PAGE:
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Caprivi Game Reserves

The entire Western Caprivi today is a game reserve. In the year 2002 the former Mahango Game Park and the Western Caprivi Game Park were joined to the new Bwabwata National Park. It stretches from the rivers Okavango to the Kwando, covering an area of more than 5000 square kms. More than 8000 elephants as well as buffalo, hippos, many antelope species, hyenas, lions and leopards are estimated to inhabit this area. Along the banks of the rivers one can observe crocodiles, hippos and a multitude of waterbirds. An agreement has been reached with the government of Botswana to remove the border fencing, allowing the game to migrate freely between the countries. The small communities in this zone were forbidden to keep cattle any longer. Instead they are promised to gain from tourism which gets going, however, only hesitantly.


Large parts of the Bwabwata Park's area are covered by leafy forests, mainly the typical dry forest. Riverine forests seam the banks of the Okavango, with reedgrass and papyrus on the slopes. In some places Wild Date Palms and Baobabs can be found. At the eastern end the park slopes to the wide sandy plains at the Kwando. Huge elephant herds roam here, in the marshlands of the Kwando.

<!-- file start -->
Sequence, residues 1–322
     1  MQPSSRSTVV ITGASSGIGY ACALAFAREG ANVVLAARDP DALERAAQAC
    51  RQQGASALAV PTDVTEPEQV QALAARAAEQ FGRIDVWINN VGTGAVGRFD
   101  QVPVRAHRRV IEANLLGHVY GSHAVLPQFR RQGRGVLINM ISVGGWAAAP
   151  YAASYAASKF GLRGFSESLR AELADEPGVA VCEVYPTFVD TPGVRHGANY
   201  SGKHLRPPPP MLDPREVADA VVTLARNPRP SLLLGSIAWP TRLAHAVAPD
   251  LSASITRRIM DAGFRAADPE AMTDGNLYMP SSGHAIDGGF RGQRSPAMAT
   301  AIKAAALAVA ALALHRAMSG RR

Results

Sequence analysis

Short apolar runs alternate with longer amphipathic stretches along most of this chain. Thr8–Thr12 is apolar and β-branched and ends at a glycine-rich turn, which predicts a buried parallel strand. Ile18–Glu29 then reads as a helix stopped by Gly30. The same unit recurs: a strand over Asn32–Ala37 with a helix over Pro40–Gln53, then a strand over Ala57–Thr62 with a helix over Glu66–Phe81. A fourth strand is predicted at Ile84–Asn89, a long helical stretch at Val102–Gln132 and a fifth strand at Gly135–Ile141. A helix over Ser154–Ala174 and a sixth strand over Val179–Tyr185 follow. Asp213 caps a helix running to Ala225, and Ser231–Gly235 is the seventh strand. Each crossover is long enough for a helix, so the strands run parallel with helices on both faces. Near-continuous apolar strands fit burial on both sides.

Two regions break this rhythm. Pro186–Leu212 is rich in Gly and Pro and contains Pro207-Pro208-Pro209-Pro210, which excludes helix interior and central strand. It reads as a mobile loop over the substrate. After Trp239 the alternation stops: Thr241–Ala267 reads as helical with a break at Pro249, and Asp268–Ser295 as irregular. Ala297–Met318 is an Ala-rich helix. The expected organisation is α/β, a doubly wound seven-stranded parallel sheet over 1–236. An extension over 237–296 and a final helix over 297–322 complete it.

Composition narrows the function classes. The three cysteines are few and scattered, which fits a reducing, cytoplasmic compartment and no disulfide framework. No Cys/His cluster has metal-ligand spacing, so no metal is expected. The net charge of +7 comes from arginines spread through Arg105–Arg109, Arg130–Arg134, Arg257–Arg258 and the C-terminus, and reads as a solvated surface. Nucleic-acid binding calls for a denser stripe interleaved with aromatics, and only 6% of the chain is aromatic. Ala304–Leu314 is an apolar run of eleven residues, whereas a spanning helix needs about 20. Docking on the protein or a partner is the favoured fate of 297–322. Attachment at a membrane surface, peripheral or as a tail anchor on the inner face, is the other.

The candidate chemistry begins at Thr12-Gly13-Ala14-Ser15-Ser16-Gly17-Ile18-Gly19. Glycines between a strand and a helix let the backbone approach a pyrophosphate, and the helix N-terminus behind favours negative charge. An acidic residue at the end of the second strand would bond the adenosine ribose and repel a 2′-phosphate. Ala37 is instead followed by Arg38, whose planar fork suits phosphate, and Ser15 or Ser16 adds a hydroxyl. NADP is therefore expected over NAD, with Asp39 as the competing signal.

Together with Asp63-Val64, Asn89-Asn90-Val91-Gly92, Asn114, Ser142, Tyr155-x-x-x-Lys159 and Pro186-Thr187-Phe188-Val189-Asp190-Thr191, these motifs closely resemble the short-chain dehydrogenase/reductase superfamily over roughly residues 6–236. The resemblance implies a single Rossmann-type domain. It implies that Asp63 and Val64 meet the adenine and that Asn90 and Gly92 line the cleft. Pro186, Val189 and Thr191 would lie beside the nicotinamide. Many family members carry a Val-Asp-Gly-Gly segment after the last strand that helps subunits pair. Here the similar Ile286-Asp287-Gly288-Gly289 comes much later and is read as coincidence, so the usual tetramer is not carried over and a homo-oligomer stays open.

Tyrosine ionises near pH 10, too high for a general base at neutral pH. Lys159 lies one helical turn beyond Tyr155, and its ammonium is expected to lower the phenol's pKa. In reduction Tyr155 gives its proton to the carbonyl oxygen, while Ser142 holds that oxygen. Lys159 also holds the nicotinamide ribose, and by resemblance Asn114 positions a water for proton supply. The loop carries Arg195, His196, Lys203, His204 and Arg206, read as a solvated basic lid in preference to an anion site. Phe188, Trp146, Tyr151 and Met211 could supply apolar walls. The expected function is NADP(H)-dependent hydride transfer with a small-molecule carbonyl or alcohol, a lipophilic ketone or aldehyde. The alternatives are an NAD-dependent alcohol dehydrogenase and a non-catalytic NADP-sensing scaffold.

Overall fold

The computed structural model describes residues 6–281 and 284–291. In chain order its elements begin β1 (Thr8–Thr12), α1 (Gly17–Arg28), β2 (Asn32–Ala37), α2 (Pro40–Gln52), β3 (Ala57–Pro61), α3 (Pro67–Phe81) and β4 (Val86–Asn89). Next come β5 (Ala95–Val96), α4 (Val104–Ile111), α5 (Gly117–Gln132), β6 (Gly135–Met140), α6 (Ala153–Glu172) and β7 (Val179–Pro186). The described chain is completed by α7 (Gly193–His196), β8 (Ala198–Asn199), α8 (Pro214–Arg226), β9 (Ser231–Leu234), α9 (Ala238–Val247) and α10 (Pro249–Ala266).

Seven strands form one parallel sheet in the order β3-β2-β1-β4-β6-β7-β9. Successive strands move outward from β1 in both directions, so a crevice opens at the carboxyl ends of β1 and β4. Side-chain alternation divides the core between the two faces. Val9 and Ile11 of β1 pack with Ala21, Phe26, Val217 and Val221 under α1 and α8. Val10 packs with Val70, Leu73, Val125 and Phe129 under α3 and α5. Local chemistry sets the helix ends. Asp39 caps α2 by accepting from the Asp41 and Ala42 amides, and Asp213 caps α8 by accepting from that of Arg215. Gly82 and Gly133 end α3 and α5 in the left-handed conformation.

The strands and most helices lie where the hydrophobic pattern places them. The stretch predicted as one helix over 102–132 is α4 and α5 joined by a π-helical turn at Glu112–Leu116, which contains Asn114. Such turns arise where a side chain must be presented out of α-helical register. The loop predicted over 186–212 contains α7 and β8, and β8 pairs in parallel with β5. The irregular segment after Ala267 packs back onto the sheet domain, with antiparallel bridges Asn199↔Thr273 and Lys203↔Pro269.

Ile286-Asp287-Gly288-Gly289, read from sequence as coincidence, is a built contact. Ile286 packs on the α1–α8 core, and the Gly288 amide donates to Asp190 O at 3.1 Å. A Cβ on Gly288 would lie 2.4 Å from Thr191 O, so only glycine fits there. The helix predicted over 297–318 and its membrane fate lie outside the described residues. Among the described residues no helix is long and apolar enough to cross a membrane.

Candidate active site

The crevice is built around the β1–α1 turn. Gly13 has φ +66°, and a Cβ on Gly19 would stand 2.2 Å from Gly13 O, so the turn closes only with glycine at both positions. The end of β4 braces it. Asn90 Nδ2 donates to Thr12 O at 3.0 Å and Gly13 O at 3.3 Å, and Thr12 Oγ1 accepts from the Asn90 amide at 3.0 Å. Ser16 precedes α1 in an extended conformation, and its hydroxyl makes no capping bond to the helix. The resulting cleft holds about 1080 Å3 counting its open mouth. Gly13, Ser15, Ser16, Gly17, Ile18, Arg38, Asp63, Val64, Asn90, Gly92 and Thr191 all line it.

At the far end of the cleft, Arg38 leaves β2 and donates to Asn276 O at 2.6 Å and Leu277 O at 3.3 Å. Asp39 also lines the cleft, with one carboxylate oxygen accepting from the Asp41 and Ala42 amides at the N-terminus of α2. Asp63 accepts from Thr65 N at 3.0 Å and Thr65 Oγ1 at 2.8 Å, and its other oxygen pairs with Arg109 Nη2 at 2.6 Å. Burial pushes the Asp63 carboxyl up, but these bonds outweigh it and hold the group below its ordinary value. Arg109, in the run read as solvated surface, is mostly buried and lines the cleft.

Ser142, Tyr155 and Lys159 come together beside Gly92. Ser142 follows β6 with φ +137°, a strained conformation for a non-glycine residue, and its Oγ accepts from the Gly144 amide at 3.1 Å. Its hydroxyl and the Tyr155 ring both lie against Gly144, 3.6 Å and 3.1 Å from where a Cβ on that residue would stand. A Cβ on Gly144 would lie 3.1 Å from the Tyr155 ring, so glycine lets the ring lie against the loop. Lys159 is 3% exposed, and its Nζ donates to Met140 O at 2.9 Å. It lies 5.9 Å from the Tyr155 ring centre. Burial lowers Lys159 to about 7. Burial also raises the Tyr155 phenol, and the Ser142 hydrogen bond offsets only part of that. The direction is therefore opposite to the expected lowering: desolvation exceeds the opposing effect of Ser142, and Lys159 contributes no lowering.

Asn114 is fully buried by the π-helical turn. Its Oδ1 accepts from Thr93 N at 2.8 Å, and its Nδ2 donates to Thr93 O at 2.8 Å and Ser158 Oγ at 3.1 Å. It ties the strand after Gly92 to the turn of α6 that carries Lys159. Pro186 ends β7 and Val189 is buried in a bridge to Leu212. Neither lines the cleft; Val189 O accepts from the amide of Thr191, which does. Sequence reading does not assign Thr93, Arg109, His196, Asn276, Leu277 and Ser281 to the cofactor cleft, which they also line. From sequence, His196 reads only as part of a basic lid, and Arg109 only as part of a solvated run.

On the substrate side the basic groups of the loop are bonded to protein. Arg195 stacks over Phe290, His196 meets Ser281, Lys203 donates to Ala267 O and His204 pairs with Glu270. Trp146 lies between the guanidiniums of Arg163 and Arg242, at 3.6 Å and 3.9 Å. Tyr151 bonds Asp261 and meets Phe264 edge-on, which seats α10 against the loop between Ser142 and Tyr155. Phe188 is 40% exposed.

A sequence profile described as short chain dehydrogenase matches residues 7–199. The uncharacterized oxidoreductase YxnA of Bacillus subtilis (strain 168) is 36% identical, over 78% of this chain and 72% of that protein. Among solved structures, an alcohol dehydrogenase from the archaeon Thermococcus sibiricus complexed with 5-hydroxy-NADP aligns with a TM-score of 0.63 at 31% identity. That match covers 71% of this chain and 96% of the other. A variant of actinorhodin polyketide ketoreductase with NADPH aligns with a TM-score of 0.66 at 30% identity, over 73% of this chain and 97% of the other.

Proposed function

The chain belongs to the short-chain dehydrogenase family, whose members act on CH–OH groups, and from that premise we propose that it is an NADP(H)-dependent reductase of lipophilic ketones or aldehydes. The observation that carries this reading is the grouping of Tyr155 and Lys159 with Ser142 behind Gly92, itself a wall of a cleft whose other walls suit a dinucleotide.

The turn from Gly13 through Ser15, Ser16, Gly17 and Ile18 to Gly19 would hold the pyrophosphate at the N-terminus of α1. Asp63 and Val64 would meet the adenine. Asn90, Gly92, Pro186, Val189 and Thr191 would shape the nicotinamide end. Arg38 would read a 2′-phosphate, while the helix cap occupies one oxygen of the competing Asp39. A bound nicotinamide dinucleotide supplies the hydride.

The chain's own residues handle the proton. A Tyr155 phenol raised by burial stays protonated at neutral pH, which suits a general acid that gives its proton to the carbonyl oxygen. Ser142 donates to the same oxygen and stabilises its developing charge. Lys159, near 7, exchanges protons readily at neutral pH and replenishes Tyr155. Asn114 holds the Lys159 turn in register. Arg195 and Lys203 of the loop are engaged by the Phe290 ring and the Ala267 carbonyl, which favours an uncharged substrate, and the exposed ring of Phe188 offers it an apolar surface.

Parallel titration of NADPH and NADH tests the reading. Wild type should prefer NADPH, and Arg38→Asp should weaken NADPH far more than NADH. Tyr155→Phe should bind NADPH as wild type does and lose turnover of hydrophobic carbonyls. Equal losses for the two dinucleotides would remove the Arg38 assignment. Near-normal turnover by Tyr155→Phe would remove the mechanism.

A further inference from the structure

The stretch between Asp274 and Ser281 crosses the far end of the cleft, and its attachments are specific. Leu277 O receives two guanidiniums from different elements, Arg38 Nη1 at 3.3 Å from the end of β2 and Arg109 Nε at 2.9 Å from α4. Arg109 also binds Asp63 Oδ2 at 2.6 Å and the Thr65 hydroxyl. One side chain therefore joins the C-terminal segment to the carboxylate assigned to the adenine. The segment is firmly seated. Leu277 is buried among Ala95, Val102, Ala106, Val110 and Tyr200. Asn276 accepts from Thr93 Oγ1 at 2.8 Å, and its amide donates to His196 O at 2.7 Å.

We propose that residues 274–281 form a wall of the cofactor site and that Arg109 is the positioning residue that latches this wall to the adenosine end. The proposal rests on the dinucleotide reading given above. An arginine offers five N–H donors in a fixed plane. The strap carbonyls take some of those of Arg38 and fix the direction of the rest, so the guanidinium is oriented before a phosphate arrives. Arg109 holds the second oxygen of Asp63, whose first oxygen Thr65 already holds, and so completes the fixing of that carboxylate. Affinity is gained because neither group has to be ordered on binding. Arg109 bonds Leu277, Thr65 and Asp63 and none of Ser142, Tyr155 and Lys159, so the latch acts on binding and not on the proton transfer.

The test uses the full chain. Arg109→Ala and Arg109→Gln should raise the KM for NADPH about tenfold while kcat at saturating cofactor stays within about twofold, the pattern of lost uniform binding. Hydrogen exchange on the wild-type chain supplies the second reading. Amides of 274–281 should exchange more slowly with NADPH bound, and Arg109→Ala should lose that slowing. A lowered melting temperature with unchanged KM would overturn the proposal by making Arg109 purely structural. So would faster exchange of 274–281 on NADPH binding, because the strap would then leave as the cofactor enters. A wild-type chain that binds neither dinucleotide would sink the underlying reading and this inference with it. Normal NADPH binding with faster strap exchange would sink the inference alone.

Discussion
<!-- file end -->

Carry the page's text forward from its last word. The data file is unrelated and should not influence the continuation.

The Trans-Caprivi-Highway cuts through the National Park at a length of almost 200 kilometres. There is no fencing, drivers need to be on the alert for crossing game. A permit is not required for the passage. 

In the eastern Caprivi there are two more game reserves with the status of National Parks: the Mudumo National Park with an area of 100,000 hectares and the Mamili National Park with 32.000 hectares. Both parks are accessible from the C49 which comes off the B8, the Caprivi Highway, near Kongola and leads in southern direction along the Linyanti River to Katima Mulilo - a very scenic alternative to the B8. 

Both National Parks are teeming with game and are home to huge elephant populations, but also to rare species of antelope, zebras, hippos, crocodiles and more than 400 bird species.

The roads through the Mudumu and the Mamili parks are sandy and in the rainy season muddy as well. Especially the Mamili is largely flooded at this time.

Travel Information